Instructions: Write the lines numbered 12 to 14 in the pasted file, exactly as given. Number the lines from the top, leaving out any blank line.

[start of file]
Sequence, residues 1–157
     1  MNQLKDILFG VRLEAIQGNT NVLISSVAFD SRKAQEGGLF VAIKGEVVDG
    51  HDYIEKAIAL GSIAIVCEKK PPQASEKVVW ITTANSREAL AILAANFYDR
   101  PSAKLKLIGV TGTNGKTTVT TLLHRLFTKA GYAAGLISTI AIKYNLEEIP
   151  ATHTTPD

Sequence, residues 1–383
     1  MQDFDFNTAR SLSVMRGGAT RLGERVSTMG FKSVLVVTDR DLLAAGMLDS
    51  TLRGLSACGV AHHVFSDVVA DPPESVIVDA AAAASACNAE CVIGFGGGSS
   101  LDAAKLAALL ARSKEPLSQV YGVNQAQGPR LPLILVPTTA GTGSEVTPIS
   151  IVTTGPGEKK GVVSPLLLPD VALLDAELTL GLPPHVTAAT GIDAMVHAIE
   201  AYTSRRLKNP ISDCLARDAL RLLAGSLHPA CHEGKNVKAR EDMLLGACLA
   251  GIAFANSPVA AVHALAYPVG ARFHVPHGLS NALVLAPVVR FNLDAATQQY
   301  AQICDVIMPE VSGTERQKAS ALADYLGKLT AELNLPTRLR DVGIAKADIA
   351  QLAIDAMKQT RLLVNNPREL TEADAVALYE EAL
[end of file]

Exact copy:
   251  GIAFANSPVA AVHALAYPVG ARFHVPHGLS NALVLAPVVR FNLDAATQQY
   301  AQICDVIMPE VSGTERQKAS ALADYLGKLT AELNLPTRLR DVGIAKADIA
   351  QLAIDAMKQT RLLVNNPREL TEADAVALYE EAL